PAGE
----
I was teased relentlessly from playschool to the end of Year 11. Snowy, Whitey, Albino – nothing exactly imaginative, but hurtful nonetheless. I often begged my Mum to change my hair colour (didn’t understand dyeing it when I was 8/9) and she said it used to worry and upset her in equal measure because she thought it was so beautiful, but yet I resented it and didn’t enjoy it. I do remember adults stopping my Mum in the street to comment on my skin and hair – never maliciously – kids at school were the only ones who used it negatively.

    Most children are the same – they want to blend in, go unnoticed – standing out is Not A Good Thing. Apparently I wanted Snow White’s hairdo, at least I had taste!

    It wasn’t until I left high school that I started to like my hair, skin and hourglass shape. I think something that did help was the fact I couldn’t actually dye my hair – I would have to bleach it to dye it, real blonde hair has a slightly different composition that needs to be “stripped” before dying, and I would never dream of harming my barnet in such a way. So, I really did have to like it or lump it to an extent. Same with my skin – I would look ridiculous with a fake tan for goodness sake! And, on some level, I like my very period appearance.

    However, that doesn’t mean everyone has started being kind just because I like my hair and skin now. My Mother in Law told me recently that I get “bluer and bluer” in my wedding pictures. I’m a bridesmaid this weekend, and people were saying they needed to start using gradual tan moisturiser until the bride pointed out they were going to make me look like I was a different race. It doesn’t hurt my feelings anymore, it just annoys me that people think commenting on something like hair colour and skin tone in such a negative fashion is acceptable just because I’m white?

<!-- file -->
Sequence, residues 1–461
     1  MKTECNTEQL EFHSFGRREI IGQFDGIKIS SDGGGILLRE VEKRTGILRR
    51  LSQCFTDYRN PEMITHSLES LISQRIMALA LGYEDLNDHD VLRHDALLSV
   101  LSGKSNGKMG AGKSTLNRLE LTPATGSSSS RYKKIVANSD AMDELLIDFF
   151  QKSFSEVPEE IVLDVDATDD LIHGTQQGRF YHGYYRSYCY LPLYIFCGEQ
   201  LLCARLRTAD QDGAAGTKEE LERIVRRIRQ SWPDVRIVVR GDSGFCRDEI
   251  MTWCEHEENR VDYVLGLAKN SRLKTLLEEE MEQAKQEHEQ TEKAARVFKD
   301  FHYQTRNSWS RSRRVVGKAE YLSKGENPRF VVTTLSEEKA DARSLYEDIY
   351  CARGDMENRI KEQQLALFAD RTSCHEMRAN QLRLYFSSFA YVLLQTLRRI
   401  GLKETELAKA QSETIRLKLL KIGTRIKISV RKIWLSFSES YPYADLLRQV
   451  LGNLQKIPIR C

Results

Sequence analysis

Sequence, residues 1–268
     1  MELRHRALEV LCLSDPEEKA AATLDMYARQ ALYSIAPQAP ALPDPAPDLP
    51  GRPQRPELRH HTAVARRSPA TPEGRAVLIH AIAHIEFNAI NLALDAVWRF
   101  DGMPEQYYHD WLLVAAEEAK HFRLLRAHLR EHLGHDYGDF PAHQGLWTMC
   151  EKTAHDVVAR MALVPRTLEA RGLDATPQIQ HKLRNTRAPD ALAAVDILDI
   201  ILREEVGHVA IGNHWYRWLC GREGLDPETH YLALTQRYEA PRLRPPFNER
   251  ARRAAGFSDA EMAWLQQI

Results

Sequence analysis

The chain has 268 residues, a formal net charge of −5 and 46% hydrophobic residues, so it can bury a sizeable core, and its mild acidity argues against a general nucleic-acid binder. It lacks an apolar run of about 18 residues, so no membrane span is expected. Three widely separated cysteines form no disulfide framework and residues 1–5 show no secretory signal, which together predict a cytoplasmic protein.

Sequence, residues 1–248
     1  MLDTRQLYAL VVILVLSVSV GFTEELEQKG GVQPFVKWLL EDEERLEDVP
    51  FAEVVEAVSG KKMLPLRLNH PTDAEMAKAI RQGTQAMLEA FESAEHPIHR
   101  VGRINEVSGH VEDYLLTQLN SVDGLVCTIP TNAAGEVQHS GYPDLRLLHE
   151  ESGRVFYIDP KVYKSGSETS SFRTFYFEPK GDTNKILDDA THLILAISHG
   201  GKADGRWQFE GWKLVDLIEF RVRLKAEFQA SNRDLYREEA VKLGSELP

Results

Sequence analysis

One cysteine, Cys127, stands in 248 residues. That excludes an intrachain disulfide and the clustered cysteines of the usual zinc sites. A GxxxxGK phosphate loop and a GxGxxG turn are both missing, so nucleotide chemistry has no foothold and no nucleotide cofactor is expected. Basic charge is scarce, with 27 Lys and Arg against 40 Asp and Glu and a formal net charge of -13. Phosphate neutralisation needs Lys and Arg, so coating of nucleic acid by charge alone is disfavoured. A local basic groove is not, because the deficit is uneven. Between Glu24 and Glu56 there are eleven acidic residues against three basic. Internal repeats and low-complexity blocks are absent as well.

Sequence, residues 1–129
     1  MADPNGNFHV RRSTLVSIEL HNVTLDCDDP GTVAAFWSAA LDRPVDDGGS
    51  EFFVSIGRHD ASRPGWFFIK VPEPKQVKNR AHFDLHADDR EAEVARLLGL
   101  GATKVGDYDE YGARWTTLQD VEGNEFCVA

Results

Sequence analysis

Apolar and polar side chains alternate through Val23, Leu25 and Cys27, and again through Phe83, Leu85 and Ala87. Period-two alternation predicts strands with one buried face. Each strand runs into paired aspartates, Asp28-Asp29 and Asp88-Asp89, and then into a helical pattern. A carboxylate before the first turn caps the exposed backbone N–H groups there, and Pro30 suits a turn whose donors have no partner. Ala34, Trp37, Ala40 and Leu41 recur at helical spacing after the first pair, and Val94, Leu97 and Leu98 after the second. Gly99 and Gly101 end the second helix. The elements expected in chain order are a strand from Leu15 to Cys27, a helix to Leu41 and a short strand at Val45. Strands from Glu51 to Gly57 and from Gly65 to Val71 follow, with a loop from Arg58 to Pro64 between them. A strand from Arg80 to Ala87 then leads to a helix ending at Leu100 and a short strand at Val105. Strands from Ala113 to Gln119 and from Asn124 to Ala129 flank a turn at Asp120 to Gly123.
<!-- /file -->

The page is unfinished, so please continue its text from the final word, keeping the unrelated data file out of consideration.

4. This makes me very sad because, sadly, no matter how many people say anti ginger jibes are the same as racism it will never stop.
    As a redhead, I got all the usual crap in school, and as an adult the only thing that has altered is that I am now strong enough to mentally (and physically) stick 2 fingers up to the small minded insecure people who think that ginger is ‘funny’.
    Indulge me please while I share a couple of the more hilarious occasions!!!
    1) brother of friend when asked if he wanted his due any day baby to be a boy or girl – don’t care as long as its not ginger….
    2) an aquaintance(who is a nanny) turning down a family as their child was ginger – I quote ‘well I don’t want them thinking its mine’………
    3) said to me by a friend..well I don’t count you as ginger because you tan in the summer?!?!?!?!?
    4) my brother telling me I had upset his wife because I mentioned that I had 4 non ginger babies and he would probably have redheaded children…(he is strawberry blond!!)

    I can (aided by vino) get very ranty about the fact that its not acceptable to taunt someone about their sexuality or skin colour yet because we have fan – freakin – tabulous, but different, hair – its considered fair game!!!
    I love my hair now, I do dye it from time to time, through boredom not through trying to hide my natural colouring.
    I do have a theory too..those nasty bitches who made my life hell at school – they have got ginger children and are now wracked with guilt over the torment they caused!!
    Oh and the brother of the friend who didn’t want a ginger baby…his daughter was born with a very aggressive birthmark on her face…and was ginger.
    I’d like to say I got no pleasure from that happening……………………….(she’s a lovely little girl, birthmark has faded..ginger hasn’t!!)
    Sorry taken over your comments page….
    Thanks for another thought provoking post x